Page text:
However, when I hear this, I’m the one that gets scared because I know that is never going to be good enough for me. I know that two weeks a year, a measly 14-day break from my desktop computer and my coffee cup, is just not going to cut it, no matter if the destination is the Jersey Shore or New Zealand. To me, it’s not funny that some can’t wait to finally get to work just so they can begin counting the hours they can go home and do it all again the next day. It’s not ironic, it’s just very sad.

Right now, the seams-of-your-pants, no-strings-attached, washing-clothes-in-the-sink life doesn’t feel within my reach, which seems odd because in theory, this should be easy, at the least more fun, than nine-to-five cubicle life. However, it becomes remarkably easy to attach yourself to a detached normal life, one that involves a morning and evening commute and patent leather heels. You can really do it without even thinking and barely noticing, trust me.

But what I do know is that this isn’t the end for me, and the time I have spent trying to find my place in the big scary world and finding the perfect suitcase and crafting the perfect travel pitches has not been in vain, even if today, it all seems like another lifetime and the next chapter feels impossibly far away. People say that life is short and that they should enjoy it – I actually feel the opposite. Life is incredibly long and if you spend it being bored and complacent, it is a slow-moving dragging of the feet to nothingness.

For some, two weeks is fine (although four would be nicer). But for the rest of us, we would rather face a little uneasiness and a lot of fun instead of a lifetime of simplicity and typicality.


The Champions of the Polar Vortex

For the last few weeks, the already unpleasant East Coast has been experiencing a whole new animal of gelidity – the starkly named Polar Vortex. Each day, we bundle up with our thickest jackets and our heaviest mittens and stuff our faces inside our woolen scarves for the thirty-second walk to the car. We are now shoveling out our cars on a daily basis; illy equipped from our usually cushy lives on the couch.

However, to other remote parts of this icy, cruel world, thirty degrees is the height of summer and warrants a walk in the park (or alongside the frozen pond). And I am here to remind you that no, you do not live in Antartica, but this is just a small, cold phrase of an unusually stark winter (and the end of the world). So, check out the darkest, coldest, and remote regions of the world to make you feel a little better that your job still won’t call in a damn snow day.

1. Verkhoyansk, Russia somehow maintains its roughly 1500 residents in the average-temperatured -50 degrees Fahrenheit. Not surprisingly, it was also the home of political exiles between the 1850s and early 1900s. In 1892, residents recorded a record -90 degrees Fahrenheit which still holds its first-place title today.


2. Oymyakon, Russia is yet another Russian home of about 600 very cold people, who’s kids still go to school when the thermometer hits -52 degrees Fahrenheit. Sadly enough, the village is named after a local hot spring, which can be reached by locals when cracking through the ice. Believe it or not, a tourism board also sits on duty, which promotes their town as an extreme destination for adventurous travelers.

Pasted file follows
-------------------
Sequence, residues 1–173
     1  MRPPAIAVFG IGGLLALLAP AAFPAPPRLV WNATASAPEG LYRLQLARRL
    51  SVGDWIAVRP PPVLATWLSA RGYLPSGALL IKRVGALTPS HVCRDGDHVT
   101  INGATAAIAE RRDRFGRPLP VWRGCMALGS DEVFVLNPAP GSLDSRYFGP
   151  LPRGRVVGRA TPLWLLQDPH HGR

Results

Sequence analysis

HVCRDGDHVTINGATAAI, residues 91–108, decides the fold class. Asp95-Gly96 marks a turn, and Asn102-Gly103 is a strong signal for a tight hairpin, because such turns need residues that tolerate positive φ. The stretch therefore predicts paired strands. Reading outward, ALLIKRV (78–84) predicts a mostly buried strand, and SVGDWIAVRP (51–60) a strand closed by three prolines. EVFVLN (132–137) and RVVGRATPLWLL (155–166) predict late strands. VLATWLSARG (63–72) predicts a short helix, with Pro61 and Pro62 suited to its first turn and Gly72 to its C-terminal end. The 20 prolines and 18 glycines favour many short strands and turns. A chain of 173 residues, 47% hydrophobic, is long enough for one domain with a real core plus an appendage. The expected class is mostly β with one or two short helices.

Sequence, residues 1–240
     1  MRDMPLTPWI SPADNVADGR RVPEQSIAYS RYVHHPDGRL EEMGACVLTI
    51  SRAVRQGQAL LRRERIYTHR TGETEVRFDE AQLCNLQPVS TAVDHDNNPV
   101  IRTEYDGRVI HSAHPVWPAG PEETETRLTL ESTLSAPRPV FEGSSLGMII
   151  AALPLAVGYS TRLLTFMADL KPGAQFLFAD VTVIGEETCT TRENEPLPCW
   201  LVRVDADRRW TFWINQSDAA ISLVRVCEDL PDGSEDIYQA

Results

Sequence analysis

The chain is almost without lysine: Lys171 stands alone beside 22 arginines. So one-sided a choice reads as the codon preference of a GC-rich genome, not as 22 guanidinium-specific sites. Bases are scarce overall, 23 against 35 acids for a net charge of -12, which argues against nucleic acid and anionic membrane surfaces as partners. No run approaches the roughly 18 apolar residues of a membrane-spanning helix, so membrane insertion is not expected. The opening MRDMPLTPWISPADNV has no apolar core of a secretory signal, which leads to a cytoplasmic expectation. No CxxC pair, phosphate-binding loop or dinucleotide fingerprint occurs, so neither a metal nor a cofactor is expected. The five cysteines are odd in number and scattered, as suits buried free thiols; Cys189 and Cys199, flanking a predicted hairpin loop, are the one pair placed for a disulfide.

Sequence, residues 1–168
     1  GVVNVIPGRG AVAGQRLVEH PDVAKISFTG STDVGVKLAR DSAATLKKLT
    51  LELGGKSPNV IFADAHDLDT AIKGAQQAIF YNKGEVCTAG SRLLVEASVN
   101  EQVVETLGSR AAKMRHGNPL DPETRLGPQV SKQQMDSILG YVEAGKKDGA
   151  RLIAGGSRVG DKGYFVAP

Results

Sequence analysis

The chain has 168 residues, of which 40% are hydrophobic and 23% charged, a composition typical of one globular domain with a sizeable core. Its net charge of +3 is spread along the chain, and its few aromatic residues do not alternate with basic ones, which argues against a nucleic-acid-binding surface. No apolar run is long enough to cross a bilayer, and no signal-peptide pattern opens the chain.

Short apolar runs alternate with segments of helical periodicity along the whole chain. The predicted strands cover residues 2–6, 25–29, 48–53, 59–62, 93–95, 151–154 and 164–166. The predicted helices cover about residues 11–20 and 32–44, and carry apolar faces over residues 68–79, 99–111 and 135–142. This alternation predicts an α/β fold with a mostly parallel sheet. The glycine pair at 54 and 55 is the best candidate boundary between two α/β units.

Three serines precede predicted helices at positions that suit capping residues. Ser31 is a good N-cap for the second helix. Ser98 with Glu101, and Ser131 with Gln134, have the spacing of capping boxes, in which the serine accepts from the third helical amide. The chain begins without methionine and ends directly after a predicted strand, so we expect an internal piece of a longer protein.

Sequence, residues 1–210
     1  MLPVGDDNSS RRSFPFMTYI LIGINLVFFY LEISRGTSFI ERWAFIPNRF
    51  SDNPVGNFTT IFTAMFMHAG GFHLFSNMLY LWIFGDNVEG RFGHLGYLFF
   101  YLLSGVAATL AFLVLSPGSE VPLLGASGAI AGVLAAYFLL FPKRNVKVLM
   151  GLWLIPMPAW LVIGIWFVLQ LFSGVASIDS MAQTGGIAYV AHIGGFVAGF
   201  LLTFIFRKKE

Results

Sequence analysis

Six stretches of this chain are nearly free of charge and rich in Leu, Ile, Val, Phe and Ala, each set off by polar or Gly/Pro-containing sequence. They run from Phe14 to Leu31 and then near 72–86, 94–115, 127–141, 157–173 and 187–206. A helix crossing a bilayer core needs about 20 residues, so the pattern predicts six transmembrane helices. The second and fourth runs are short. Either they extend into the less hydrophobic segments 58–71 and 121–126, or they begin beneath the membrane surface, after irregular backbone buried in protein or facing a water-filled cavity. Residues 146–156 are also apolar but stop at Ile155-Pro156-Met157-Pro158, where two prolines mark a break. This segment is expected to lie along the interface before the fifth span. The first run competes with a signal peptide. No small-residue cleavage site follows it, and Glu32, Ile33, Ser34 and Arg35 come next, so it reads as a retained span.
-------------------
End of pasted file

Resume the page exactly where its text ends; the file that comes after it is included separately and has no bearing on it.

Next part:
3. Hell, Norway is fittingly named as it is frozen over for about a third of each year; from December through March.  Hell maintains its notoriety not only for its sub-artic average temperatures, but also for its clever name and attraction to tourists bored of the beach.


4. Barrow, Alaska doesn’t break freezing until June and even then, it stays barely at 40 degrees Fahrenheit before the sun sets in November and doesn’t reappear until the end of January. Probably for the best, it is only reachable by sea or air.


5. Antartica recently broke its own 30 year record by hitting -136 degrees Fahrenheit, which is colder than dry ice. The only beings that even exist there are organisms such as algae, bacteria, penguins, mites, and seals. There are no permanent human residents and even less survival resources. Feel better yet?


A Photo Journey

It’s been awhile now since I’ve returned from my semester in Florence, Italy. A little more than a year has gone by – however, this has not stopped my from romanticizing and reminiscing about my time there daily nonetheless. So for this week, instead of listening to me blabber on about how awesome Italy is or how I’m still waiting for National Geographic to hire me to become a professional nomad, check out some of my favorite photos from my time spent abroad.


Blue Mosque in Istanbul, Turkey


Oktoberfest in Munich, Germany


Cinque Terre, Italy


Voss, Norway


The Duomo of Florence, Italy


Monaco of the French Riviera


Venice, Italy


The Leaning Tower of Pisa, Italy

Dublin, Ireland
The Rocks of Faraglioni, Amalfi Coast, Italy
The Dalmatian Coast, Croatia